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NBA Begins

The NBA was founded as the Basketball Association of America on June 6, 1946. The first game was played between the New York Knickerbockers and the Toronto Huskies. The league changed its name to the National Basketball Association, (NBA) when the BAA merged with the rival National Basketball League (NBL) in 1949.

First Modern Day African American Baseball Player

Jackie Robinson became the first African American to play modern Major League Baseball on April 15, 1947 at Ebbets Field, Brooklyn, New York. Born in Georgia, the son of sharecroppers, the youngest of five children (Brother “Mack” won a Silver Medal behind Jesse Owens in the 200 Meter Dash at the 1936 Olympics), Robinson went to UCLA and served his nation in the military.

US Enters World War II

The United States entered World War II after the surprise attack by Japan on December 7, 1941, on Pearl Harbor.


Many Scouts served valiantly in the service of the country expanding on the service that was rendered during World War I. President Franklin D. Roosevelt, an Arrowman, signed a letter asking Scouts "to take an important commission as Government Dispatch Bearers for the Office of War Information (OWI)." The Boy Scouts of America would become the "Official Dispatch Bearers" for the OWI and the main workforce for a poster distribution system. Thousands of young men were responsible for the delivery of posters to shops all across America.

National Meeting Cancelled

At the invitation of A. Frank Dix of Tali Taktaki Lodge, Greensboro, North Carolina the 1942 National Meeting was scheduled to go to the South for the first time in history. With the size of National Meetings growing so briskly it was anticipated that as many as 1,000 Arrowmen might attend. No longer could they meet at a Scout camp. The National Executive Committee selected the University of North Carolina at Chapel Hill as the meeting site. For the first time, delegates would not be responsible for their own bedding.

The selection of the University of North Carolina meant that some fellow brothers in the Order would not be allowed to attend because the University was segregated and would not allow non-whites. As it turned out, the meeting was cancelled and our Order never held a National Meeting at a location that excluded some members.

First Flap - Ajapeu Lodge

Over the years there have been over 25,000 different flap shaped badges made for the OA. In total over ten million (10,000,000) patches have been made, worn, and of course, traded. The members of Ajapeu Lodge, Doylestown, Pennsylvania, wore the first of all of those flaps on their uniform shirts. It was also against BSA insignia guidelines.

History of Pocket Flap

It is strongly recommended by the National Committee that these emblems be made to fit the shape of the right shirt pocket flap. The right shirt pocket flap has been approved by the National Committee on Badges and Insignia for official Order of the Arrow Insignia where the other emblems are only temporary insignia when used on the uniform. It should be realized that this is a great advantage and a compliment to the Order of the Arrow. -THE ORDER OF THE ARROW HANDBOOK pp. 64 & 72, 1954 printing, 1950 edition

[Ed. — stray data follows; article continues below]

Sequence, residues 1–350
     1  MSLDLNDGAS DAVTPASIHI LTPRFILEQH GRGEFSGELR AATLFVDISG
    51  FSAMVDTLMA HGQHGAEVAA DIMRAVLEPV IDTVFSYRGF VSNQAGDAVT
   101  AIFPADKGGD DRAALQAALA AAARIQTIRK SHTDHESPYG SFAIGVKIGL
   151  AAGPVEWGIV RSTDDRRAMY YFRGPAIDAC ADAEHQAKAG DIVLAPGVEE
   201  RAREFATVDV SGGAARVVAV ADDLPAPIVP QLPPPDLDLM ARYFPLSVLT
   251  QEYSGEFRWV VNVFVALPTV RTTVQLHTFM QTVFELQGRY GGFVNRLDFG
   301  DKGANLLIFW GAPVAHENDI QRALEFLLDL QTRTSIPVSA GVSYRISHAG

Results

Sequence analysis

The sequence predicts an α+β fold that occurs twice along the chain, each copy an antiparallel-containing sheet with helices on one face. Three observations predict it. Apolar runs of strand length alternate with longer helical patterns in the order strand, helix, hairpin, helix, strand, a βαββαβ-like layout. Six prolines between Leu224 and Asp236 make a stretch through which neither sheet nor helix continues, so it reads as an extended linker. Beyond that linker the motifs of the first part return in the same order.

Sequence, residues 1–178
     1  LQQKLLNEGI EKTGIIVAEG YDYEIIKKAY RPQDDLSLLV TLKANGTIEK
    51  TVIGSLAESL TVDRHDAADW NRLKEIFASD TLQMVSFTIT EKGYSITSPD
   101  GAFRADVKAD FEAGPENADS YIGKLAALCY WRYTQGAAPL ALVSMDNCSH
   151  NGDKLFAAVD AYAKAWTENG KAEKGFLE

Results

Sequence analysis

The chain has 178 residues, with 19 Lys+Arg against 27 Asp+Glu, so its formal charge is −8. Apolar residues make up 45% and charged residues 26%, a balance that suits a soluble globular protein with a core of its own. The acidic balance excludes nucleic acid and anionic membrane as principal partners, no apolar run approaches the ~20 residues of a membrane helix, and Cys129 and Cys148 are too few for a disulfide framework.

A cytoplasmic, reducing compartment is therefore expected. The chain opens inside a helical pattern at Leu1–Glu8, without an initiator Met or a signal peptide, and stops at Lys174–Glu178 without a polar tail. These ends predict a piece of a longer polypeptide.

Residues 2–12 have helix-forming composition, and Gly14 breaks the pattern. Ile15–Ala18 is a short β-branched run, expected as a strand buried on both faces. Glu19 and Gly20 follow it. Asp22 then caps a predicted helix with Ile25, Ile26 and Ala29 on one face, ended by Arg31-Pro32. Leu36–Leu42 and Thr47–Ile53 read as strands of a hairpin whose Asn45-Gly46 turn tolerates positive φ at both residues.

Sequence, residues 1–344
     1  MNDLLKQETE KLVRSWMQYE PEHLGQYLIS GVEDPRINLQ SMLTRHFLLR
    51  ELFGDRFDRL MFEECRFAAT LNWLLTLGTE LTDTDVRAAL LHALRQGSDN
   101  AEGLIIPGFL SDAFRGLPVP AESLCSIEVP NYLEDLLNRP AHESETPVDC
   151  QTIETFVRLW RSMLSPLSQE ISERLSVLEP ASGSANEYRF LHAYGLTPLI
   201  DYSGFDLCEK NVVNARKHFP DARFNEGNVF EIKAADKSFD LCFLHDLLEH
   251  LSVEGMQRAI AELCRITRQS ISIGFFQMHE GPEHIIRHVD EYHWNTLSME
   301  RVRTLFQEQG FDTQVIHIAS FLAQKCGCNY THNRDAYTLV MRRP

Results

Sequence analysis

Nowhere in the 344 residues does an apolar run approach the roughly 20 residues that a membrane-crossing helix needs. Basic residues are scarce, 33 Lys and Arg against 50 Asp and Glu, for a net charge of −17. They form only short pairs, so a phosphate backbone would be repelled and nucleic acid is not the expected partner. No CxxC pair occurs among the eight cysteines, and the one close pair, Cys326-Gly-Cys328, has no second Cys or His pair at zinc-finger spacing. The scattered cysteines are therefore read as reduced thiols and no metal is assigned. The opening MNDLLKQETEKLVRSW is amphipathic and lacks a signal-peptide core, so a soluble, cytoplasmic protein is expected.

In the 1930s the Scout uniform was a showcase for all sorts of colorful Scouting related insignia on the shoulders, sleeves, and collars, as well as above and on the pockets. In fact, the only areas of the Scout uniform spared from this potpourri of decoration were the back of the shirt and pocket flaps. The pocket flap eventually became the official location for wearing Order of the Arrow insignia, but not without a few twists and turns.

1942 National Executive Meeting

With the cancellation of the 1942 National Meeting due to wartime restrictions a special National Executive Committee meeting was called. It was held on December 27 – 29 at the Hotel Bellevue-Stratford, Philadelphia, Pennsylvania. In some ways the meeting was a throwback to the old Grand Lodge days when the national meeting was held at a hotel.

Joe Brinton served as chairman of the Nominating Committee and reported that as a result of an advisory ballot a slate of officers was nominated and elected. Four-time National Scribe H. Lloyd Nelson of Unami Lodge who had served with distinction since 1933 was selected to serve as National Chief. Nelson became the first non-professional Scouter to serve as Chieftain of Wimachtendienk.

250th Lodge Formed

Minnewasco Lodge in Sault St. Marie, Michigan became the Order's 250th Lodge chartering on September 9, 1943. World War II had not slowed the growth of the Order. Indeed, there was as great a need as ever to find young men willing to unselfishly serve others.

Goodman & Edson's Sons Killed in WW II

(Do we) find the cost of freedom, buried in the ground
Mother earth will swallow you, lay your body down
Find the cost of freedom, buried in the ground
Mother earth will swallow you, lay your body down
Find the cost of freedom buried in the ground

- lyrics Find the Cost of Freedom by Crosby, Stills, Nash & Young

Third (and last) Official Jeweler

The Order of the Arrow beginning in 1922 had selected an Official OA Jeweler, to make insignia including totem pins. The first jeweler was the National Jewelry Company. In 1927 The Grand Lodge selected Hood and Company as the second Jeweler. In Early 1945 Jennings Hood sold his company to J.E. Caldwell and Company and went to work for them. His stunning jeweler dies were retained; the back die was changed to show the new hallmark.

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